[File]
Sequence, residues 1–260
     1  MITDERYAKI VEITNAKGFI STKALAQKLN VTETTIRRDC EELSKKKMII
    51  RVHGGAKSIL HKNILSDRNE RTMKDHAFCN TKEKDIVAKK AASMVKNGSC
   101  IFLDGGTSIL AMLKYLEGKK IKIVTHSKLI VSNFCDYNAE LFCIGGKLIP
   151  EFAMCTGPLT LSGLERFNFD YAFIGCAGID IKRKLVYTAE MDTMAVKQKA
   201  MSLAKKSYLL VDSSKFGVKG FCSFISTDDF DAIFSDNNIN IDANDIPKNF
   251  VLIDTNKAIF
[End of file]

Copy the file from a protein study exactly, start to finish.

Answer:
Sequence, residues 1–260
     1  MITDERYAKI VEITNAKGFI STKALAQKLN VTETTIRRDC EELSKKKMII
    51  RVHGGAKSIL HKNILSDRNE RTMKDHAFCN TKEKDIVAKK AASMVKNGSC
   101  IFLDGGTSIL AMLKYLEGKK IKIVTHSKLI VSNFCDYNAE LFCIGGKLIP
   151  EFAMCTGPLT LSGLERFNFD YAFIGCAGID IKRKLVYTAE MDTMAVKQKA
   201  MSLAKKSYLL VDSSKFGVKG FCSFISTDDF DAIFSDNNIN IDANDIPKNF
   251  VLIDTNKAIF